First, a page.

4. Proposal to introduce new clause 75A on the protection of Employee's personal information.
This introduces a quid pro quo duty (upon Employer) to the Employee’s already existing duty to keep the Employer's information confidential; whereby it is now explicitly proposed that the Employer shall have a mutual obligation to protect Employee’s private data. Further the proposed law interestingly prohibits monitoring of Employees without notifying said Employees. This buttresses the constitutional right of an Employee to privacy.
5. New Benefit Terms:
a. Proposal to introduce new Section 27A which proposes that Employee shall work overtime only upon the express agreement of the Employee and overtime pay shall be at the rate of one and one-half times the normal hourly rate.
b. Proposal to introduce compassionate leave for up to 5 days with full pay in a year.
c. Proposal to introduce sick leave entitlement up to a maximum of 30 days with full pay from the current 15 days.
d. Proposal to amend Section 29 to introduce mandatory 1 month leave for mothers suffering still-births.
e. Proposal to introduce new Section 29B which proposes adoption leave of 1 month granted to an Employee who adopts a child.
f. Proposal under Section 27C mandating Employers to heed requests from Employees for flexible working hours or flexibility to work from home and such request may only be denied on the basis of reasonable grounds explicitly set out under law.
g. Proposal to introduce mandatory 15 days service pay for each year worked by an Employee irrespective of the mode of termination of employment.
6. Constructive Dismissal IS an Unfair Termination
The proposed law explicitly provides that constructive dismissal shall constitute unfair termination. Constructive dismissal is a situation whereby the Employer deliberately makes the working environment so toxic or unbearable for the Employee making it untenable for the Employee to remain in that employment; and thus leaving the Employee with only one viable option of resigning.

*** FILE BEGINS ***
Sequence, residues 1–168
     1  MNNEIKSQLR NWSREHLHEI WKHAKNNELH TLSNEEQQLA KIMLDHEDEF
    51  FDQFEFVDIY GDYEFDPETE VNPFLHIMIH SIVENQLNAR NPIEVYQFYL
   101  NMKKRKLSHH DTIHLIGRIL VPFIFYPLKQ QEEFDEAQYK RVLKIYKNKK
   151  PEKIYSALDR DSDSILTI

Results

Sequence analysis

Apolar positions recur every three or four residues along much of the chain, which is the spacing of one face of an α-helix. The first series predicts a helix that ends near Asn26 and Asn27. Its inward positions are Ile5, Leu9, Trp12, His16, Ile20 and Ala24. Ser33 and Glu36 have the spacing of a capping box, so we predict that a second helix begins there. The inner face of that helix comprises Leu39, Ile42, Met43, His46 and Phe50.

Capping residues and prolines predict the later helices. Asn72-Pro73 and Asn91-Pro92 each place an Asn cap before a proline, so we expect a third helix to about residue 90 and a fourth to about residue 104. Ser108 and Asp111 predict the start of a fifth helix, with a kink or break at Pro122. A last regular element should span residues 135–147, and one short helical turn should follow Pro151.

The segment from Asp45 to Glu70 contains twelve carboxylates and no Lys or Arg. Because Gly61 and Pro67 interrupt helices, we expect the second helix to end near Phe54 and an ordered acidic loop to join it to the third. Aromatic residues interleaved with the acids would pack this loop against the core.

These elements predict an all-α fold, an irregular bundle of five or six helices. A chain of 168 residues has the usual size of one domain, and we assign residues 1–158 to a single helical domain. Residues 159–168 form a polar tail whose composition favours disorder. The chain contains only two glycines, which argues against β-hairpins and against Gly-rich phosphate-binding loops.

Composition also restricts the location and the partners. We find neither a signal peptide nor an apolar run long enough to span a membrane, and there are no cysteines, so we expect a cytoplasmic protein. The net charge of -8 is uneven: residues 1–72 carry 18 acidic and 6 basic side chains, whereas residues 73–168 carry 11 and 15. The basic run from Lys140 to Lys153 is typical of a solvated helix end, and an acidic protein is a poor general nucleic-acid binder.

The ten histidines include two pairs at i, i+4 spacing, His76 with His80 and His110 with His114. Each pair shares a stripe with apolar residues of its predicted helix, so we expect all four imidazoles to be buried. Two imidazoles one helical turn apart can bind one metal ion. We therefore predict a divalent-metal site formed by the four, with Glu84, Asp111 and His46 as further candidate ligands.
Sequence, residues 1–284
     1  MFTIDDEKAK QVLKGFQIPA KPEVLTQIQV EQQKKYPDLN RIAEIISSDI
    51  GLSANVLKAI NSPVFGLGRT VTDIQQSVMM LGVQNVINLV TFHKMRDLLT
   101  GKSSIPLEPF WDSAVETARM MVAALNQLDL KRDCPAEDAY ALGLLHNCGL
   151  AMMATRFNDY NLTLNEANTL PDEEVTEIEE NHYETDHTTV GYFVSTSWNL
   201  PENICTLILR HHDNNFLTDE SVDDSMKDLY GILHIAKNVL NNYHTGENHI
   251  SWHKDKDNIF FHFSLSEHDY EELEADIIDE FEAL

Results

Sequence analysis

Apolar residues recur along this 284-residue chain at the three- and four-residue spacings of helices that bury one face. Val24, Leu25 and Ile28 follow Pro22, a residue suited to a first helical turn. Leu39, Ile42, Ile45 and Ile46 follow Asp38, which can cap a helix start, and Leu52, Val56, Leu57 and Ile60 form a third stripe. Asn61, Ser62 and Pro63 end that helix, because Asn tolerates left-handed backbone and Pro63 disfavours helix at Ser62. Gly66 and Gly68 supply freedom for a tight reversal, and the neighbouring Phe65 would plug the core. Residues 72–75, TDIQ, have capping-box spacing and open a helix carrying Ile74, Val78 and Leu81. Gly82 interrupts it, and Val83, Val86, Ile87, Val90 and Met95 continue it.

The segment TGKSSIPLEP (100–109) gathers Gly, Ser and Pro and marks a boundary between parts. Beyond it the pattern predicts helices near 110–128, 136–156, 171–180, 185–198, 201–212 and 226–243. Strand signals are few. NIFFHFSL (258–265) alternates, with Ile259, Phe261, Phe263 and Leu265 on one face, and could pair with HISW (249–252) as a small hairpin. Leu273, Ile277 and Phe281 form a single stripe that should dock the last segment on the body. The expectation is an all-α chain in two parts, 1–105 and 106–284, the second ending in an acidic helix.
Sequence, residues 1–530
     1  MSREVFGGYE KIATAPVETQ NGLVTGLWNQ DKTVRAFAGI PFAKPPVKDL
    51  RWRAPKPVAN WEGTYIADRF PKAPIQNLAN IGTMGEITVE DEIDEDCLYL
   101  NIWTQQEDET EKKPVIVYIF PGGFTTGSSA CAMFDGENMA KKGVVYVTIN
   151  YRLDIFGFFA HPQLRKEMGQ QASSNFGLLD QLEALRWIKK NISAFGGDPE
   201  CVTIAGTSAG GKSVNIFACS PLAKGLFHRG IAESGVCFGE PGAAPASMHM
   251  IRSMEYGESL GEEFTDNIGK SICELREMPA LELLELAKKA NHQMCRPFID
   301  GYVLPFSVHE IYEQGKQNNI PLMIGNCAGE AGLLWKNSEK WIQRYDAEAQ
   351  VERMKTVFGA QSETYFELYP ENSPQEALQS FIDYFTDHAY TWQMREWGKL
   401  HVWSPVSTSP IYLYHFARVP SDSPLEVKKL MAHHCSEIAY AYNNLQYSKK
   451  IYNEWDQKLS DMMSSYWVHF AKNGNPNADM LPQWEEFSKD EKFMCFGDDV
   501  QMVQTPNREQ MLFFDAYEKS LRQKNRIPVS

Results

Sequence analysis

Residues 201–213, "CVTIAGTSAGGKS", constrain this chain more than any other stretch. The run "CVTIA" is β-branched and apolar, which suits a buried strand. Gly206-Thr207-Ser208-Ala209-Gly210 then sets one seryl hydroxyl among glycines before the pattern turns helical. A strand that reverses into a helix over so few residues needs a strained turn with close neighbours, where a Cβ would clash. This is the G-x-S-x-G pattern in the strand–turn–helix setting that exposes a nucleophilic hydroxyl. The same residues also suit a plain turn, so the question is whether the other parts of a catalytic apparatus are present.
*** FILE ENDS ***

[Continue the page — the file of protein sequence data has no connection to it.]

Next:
This provision already exists in case law precedent in Kenya, but it is now proposed to be explicitly stated in statutory law.
This has implications on the Employer who will have a greater onus to provide a pleasant/tolerable working environment free of poor management, toxic work relationships and the like.
7. Transfer of Employment Relationship upon Mergers/Acquisitions
A change in the ownership or management of a company may result in a significant change in the working conditions of Employees. The proposed bill provides that upon a new undertaking, the transferor of a business is bound to retain any existing Employees or honour any employment terms agreed between the acquired company and its Employees.
This raises a significant consideration regarding businesses entering into mergers or acquisitions; as it means they take on all employment liabilities (which also include tax issues), even those dating from the commencement of employment. This will mandate special legal assessment of human resources at time of M & A transactions.
The provision of general advice herein does not constitute an advocate-client relationship with any reader. All information, content, and material in this article are for general informational purposes only. Readers of this article should get in touch with us to obtain advice with respect to any particular legal matter.